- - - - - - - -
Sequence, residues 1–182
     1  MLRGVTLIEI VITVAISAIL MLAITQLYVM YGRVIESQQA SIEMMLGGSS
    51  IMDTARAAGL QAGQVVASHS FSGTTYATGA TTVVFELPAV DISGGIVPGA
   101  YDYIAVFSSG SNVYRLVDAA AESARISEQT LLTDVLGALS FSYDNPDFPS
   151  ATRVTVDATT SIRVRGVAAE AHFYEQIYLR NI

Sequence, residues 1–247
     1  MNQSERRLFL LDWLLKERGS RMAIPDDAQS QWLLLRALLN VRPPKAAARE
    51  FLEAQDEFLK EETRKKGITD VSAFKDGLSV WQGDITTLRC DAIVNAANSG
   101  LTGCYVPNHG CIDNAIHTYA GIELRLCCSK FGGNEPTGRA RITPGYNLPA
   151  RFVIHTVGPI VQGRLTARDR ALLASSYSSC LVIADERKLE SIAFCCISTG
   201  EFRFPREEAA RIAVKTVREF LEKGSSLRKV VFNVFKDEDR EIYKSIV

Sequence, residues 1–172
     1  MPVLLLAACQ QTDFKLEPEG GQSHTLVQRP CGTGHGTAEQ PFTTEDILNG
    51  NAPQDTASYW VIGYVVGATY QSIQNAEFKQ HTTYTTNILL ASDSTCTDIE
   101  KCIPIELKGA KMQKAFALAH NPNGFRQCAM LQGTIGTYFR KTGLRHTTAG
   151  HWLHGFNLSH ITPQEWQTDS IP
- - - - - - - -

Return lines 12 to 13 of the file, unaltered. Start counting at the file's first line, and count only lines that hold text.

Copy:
Sequence, residues 1–172
     1  MPVLLLAACQ QTDFKLEPEG GQSHTLVQRP CGTGHGTAEQ PFTTEDILNG